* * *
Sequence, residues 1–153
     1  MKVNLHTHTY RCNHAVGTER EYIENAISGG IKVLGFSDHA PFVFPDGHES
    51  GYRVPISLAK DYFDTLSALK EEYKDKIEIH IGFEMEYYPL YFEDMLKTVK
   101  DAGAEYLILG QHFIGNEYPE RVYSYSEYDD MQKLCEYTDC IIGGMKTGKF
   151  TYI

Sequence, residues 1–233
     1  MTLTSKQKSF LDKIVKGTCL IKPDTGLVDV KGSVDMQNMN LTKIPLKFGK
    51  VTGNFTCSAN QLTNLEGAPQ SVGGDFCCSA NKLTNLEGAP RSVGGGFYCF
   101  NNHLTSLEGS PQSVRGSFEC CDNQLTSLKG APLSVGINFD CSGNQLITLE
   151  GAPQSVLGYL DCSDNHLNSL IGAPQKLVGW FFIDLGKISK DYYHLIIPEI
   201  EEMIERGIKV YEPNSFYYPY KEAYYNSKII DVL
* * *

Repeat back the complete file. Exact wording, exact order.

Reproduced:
Sequence, residues 1–153
     1  MKVNLHTHTY RCNHAVGTER EYIENAISGG IKVLGFSDHA PFVFPDGHES
    51  GYRVPISLAK DYFDTLSALK EEYKDKIEIH IGFEMEYYPL YFEDMLKTVK
   101  DAGAEYLILG QHFIGNEYPE RVYSYSEYDD MQKLCEYTDC IIGGMKTGKF
   151  TYI

Sequence, residues 1–233
     1  MTLTSKQKSF LDKIVKGTCL IKPDTGLVDV KGSVDMQNMN LTKIPLKFGK
    51  VTGNFTCSAN QLTNLEGAPQ SVGGDFCCSA NKLTNLEGAP RSVGGGFYCF
   101  NNHLTSLEGS PQSVRGSFEC CDNQLTSLKG APLSVGINFD CSGNQLITLE
   151  GAPQSVLGYL DCSDNHLNSL IGAPQKLVGW FFIDLGKISK DYYHLIIPEI
   201  EEMIERGIKV YEPNSFYYPY KEAYYNSKII DVL